His father expected him to take over the family farm, but he despised farm work. He wrote, "I never had any particular love for the farm—it was the mother on the farm I loved."In 1879, Ford left home to work as an apprentice machinist in Detroit, first with James F. Flower & Bros. and with the Detroit Dry Dock Co. In 1882, he returned to Dearborn to work on the family farm, where he became adept at operating the Westinghouse portable steam engine, he was hired by Westinghouse to service their steam engines. During this period Ford studied bookkeeping at Goldsmith, Bryant & Stratton Business College in Detroit. Ford married Clara Jane Bryant on April 11, 1888, supported himself by farming and running a sawmill, they had one child: Edsel Ford. In 1891, Ford became an engineer with the Edison Illuminating Company of Detroit. After his promotion to Chief Engineer in 1893, he had enough time and money to devote attention to his personal experiments on gasoline engines; these experiments culminated in 1896 with the completion of a self-propelled vehicle which he named the Ford Quadricycle.
He test-drove it on June 4. After various test drives, Ford brainstormed ways to improve the Quadricycle. In 1896, Ford attended a meeting of Edison executives, where he was introduced to Thomas Edison. Edison approved of Ford's automobile experimentation. Encouraged by Edison, Ford designed and built a second vehicle, completing it in 1898. Backed by the capital of Detroit lumber baron William H. Murphy, Ford resigned from the Edison Company and founded the Detroit Automobile Company on August 5, 1899. However, the automobiles produced were of higher price than Ford wanted; the company was not successful and was dissolved in January 1901. With the help of C. Harold Wills, Ford designed and raced a 26-horsepower automobile in October 1901. With this success and other stockholders in the Detroit Automobile Company formed the Henry Ford Company on November 30, 1901, with Ford as chief engineer. In 1902, Murphy brought in Henry M. Leland as a consultant. With Ford gone, Murphy renamed the company the Cadillac Automobile Company.
Teaming up with former racing cyclist Tom Cooper, Ford produced the 80+ horsepower racer "999" which Barney Oldfield was to drive to victory in a race in October 1902. Ford received the backing of an old acquaintance, Alexander Y. Malcomson, a Detroit-area coal dealer, they formed a partnership, "Ltd." to manufacture automobiles. Ford went to work designing an inexpensive automobile, the duo leased a factory and contracted with a machine shop owned by John and Horace E. Dodge to supply over $160,000 in parts. Sales were slow, a crisis arose when the Dodge brothers demanded payment for their first shipment. In response, Malcomson brought in another group of investors and convinced the Dodge Brothers to accept a portion of the new company. Ford & Malcomson was reincorporated as the Ford Motor Company on June 16, 1903, with $28,000 capital; the original investors included Ford and Malcomson, the Dodge brothers, Malcomson's uncle John S. Gray, Malcolmson's secretary James Couzens, two of Malcomson's lawyers, John W. Anderson and Horace Rackham.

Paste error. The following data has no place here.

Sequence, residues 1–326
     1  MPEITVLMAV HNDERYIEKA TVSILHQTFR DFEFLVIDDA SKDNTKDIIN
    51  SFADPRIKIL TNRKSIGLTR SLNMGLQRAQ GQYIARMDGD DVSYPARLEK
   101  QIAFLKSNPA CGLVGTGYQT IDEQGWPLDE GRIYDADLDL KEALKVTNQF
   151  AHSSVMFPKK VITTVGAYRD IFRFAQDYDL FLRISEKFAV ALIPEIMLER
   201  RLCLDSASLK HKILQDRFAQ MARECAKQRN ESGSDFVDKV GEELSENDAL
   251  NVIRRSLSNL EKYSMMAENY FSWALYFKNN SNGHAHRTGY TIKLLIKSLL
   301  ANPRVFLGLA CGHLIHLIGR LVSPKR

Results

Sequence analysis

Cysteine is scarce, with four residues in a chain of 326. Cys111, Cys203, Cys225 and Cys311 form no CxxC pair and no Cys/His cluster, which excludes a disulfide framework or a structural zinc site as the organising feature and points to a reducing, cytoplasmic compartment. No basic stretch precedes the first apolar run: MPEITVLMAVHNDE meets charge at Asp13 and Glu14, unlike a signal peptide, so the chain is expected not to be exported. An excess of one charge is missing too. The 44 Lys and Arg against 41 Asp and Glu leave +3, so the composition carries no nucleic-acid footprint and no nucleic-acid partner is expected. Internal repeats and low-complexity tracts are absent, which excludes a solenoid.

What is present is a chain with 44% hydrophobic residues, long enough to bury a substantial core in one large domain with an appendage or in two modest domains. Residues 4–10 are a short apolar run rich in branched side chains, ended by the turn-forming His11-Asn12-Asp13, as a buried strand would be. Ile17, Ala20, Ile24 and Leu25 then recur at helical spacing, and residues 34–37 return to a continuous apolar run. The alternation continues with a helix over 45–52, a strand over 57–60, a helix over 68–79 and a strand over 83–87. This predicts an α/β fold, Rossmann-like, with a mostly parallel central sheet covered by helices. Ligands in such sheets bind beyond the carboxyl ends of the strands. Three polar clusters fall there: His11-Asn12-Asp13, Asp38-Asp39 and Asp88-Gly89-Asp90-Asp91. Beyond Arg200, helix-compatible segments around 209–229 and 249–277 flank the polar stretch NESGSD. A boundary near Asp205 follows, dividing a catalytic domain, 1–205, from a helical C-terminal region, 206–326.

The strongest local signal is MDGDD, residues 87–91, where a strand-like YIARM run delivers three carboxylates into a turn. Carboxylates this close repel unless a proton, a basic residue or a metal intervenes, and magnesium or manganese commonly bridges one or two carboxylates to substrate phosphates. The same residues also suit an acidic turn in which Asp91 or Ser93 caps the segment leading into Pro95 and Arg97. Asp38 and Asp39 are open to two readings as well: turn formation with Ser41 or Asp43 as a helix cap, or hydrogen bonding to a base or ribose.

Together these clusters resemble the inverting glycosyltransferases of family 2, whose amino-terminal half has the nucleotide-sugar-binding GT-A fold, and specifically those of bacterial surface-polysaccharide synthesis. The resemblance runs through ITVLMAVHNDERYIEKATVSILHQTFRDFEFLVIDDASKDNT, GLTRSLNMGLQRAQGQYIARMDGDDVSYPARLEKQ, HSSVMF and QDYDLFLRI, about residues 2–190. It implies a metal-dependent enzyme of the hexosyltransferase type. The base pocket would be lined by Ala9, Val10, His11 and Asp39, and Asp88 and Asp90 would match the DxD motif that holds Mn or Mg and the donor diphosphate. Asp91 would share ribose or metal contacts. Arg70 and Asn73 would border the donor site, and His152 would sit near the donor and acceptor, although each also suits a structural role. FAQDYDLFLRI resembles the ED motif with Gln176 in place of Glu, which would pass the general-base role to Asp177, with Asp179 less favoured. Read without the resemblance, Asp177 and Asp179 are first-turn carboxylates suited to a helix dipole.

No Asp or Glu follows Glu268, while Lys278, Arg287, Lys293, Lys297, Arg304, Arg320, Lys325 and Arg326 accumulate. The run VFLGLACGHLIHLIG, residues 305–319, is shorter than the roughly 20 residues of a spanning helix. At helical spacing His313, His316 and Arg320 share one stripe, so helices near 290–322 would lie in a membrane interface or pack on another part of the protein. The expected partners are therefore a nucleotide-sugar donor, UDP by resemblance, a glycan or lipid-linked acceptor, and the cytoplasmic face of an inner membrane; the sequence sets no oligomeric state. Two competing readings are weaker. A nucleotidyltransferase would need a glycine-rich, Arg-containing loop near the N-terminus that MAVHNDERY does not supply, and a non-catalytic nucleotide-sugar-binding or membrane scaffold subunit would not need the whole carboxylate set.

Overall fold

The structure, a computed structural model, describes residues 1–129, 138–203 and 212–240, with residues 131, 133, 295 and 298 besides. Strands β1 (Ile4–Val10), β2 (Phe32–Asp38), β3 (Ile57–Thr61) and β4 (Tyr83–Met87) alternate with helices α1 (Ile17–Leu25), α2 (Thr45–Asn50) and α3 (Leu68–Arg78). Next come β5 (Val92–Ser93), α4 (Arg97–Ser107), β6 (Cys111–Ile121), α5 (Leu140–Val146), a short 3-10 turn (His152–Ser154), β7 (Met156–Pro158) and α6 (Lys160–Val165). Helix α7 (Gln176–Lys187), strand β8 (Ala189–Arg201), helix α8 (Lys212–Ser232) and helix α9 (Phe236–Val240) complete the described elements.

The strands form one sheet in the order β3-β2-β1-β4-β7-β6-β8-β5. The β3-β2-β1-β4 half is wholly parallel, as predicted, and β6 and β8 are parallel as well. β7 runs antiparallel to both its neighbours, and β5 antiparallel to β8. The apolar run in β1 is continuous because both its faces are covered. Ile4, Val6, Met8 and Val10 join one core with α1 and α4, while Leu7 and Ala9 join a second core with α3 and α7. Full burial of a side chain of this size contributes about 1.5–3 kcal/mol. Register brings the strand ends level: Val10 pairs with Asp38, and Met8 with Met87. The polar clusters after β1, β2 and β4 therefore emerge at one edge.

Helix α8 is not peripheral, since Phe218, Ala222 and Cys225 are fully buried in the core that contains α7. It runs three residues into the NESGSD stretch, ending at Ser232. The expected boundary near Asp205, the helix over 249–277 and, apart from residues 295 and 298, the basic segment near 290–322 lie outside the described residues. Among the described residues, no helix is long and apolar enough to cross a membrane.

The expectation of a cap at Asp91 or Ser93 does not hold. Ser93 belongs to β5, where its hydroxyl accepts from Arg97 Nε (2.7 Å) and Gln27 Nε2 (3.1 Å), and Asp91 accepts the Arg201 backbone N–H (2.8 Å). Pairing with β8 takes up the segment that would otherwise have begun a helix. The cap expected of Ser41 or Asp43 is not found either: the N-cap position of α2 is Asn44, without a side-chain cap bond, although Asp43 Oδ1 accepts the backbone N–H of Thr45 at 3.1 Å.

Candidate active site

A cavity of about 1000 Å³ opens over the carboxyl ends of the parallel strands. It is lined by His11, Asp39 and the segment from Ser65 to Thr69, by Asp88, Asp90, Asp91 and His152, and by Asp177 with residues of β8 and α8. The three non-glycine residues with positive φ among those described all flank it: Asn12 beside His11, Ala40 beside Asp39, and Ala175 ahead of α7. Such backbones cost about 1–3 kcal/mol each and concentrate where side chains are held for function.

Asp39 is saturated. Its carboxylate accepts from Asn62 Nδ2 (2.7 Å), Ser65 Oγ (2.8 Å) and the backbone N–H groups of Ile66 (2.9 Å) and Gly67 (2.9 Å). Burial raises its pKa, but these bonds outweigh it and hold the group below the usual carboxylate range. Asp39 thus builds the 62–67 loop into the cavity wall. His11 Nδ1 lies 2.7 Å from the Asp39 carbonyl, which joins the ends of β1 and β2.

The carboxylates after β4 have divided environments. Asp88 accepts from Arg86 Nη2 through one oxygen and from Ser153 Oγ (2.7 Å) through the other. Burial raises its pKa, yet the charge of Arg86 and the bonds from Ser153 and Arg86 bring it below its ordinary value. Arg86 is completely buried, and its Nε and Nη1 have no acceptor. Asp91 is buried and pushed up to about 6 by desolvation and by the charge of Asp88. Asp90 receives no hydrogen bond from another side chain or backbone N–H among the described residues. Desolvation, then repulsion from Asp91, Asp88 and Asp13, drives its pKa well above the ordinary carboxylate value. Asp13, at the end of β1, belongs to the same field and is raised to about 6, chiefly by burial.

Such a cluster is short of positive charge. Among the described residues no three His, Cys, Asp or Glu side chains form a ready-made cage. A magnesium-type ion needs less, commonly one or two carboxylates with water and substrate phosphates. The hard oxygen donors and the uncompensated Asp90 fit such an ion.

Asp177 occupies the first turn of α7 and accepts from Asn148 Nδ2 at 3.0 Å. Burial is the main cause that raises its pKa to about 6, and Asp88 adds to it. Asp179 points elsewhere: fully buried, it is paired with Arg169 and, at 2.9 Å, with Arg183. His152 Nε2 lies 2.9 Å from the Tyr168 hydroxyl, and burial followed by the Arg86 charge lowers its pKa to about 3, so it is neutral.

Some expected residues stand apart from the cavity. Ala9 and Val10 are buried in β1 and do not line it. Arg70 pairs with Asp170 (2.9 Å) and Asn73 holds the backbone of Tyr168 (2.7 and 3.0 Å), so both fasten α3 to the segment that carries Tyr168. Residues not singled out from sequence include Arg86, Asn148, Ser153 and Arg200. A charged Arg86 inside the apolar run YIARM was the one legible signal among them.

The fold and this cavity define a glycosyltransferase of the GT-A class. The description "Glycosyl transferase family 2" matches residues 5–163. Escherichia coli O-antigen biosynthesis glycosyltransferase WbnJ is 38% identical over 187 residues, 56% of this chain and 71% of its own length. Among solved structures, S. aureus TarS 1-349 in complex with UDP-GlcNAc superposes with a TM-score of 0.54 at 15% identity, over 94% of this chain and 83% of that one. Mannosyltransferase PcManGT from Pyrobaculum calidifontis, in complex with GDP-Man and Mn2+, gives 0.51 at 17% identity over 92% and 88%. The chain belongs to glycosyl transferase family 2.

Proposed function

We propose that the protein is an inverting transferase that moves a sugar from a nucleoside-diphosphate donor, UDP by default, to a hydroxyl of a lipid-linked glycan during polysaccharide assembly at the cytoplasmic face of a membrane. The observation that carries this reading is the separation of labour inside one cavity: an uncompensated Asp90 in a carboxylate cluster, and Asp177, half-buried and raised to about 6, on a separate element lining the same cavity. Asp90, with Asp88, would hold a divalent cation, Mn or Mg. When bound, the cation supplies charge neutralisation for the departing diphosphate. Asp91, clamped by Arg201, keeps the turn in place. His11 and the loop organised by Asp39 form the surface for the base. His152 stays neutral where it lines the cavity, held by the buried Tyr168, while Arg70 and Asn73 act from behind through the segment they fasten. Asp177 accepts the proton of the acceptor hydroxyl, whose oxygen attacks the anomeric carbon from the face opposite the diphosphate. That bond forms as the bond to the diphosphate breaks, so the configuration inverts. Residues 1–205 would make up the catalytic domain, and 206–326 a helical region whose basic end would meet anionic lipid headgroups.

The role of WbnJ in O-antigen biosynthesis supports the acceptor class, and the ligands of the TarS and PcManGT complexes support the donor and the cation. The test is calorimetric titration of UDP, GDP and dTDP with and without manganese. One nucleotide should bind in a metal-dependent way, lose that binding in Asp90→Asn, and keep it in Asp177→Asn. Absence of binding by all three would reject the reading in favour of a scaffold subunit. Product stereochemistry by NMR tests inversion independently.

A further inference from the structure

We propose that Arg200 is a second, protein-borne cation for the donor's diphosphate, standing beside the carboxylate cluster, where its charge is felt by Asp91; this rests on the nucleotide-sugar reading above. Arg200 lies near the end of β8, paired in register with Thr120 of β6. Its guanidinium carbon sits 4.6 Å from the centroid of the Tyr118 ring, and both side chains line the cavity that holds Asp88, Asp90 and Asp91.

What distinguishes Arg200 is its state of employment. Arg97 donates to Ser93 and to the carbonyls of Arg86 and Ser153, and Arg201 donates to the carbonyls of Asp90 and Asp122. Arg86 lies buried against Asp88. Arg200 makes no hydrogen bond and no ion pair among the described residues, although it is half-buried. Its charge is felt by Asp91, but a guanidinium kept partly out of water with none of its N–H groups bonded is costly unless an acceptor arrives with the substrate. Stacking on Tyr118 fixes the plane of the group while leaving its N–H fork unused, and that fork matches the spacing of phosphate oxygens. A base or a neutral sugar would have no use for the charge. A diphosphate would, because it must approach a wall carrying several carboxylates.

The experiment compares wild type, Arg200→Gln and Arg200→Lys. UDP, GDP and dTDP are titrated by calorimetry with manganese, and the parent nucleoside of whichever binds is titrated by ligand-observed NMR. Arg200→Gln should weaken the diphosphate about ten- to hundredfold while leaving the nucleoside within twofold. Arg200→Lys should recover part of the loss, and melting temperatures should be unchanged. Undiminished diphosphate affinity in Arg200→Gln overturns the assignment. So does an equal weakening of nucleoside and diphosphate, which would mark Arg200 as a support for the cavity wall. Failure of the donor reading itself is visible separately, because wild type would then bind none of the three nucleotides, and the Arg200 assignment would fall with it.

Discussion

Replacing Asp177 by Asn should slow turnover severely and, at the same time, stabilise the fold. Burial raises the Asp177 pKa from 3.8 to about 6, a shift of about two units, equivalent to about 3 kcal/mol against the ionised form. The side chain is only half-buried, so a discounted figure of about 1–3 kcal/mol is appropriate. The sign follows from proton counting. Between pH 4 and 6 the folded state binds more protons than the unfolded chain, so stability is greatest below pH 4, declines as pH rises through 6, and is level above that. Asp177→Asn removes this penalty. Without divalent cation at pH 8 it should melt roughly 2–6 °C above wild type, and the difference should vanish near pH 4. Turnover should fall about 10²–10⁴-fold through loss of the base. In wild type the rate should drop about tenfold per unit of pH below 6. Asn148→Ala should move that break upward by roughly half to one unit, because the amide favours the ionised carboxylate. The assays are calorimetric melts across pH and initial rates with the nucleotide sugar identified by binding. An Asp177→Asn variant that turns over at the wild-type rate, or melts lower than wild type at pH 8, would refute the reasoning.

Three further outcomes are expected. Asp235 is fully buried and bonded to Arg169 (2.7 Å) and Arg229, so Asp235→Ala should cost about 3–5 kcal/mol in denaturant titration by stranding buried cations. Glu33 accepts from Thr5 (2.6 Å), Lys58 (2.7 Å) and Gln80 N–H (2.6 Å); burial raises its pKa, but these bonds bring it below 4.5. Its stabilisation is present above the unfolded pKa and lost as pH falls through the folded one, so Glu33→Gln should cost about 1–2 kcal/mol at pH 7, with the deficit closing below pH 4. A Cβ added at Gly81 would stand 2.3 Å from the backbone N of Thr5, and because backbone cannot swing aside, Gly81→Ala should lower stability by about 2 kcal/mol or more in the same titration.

Ford demonstrated a newly designed car on the ice of Lake St. Clair, driving 1 mile in 39.4 seconds and setting a ne
Chicago, Burlington and Quincy Railroad
The Chicago and Quincy Railroad was a railroad that operated in the Midwestern United States. Referred to as the Burlington Route, the Burlington or as the Q, it operated extensive trackage in the states of Colorado, Iowa, Kentucky, Montana, Wisconsin, in New Mexico and Texas through subsidiaries Colorado and Southern Railway, Fort Worth and Denver Railway, Burlington-Rock Island Railroad, its primary connections included Chicago, Minneapolis-St. Paul, St. Louis, Kansas City and Denver; because of this extensive trackage in the midwest and mountain states, the railroad used the advertising slogans "Everywhere West", "Way of the Zephyrs", "The Way West". In 1967, it reported 19,565 million net ton-miles of revenue freight and 723 million passenger miles. At the end of the year CB&Q operated 8,538 route-miles, C&S operated 708 and FW&D operated 1362. In 1970, it merged with the Northern Pacific and Great Northern Railroads to form the Burlington Northern Railroad; the earliest predecessor of the Chicago and Quincy, the Aurora Branch Railroad, was chartered by act of the Illinois General Assembly on October 2, 1848.
The charter was obtained by citizens of Aurora and Batavia, who were concerned that the Galena and Chicago Union Railroad would bypass their towns in favor of West Chicago on its route. The Aurora Branch was built from Aurora, through Batavia, to Turner Junction in what is now West Chicago; the line was built with minimal, if any, grading. Using a leased locomotive and cars, the Aurora Branch ran passenger and freight trains from Aurora to Chicago via its own line from Aurora to Turner Junction and one of the G&CU's two tracks east from there to Chicago; the G&CU required the Aurora Branch to turn over 70 percent of their revenue per ton-mile handled on that railroad. The line from Aurora to Chicago was built through the fledgling towns of Naperville, Downers Grove, Hinsdale and the west side of Chicago, it was opened in 1864, passenger and freight service began. Regular commuter train service started in 1864 and remains operational to this day, making it the oldest surviving regular passenger service in Chicago.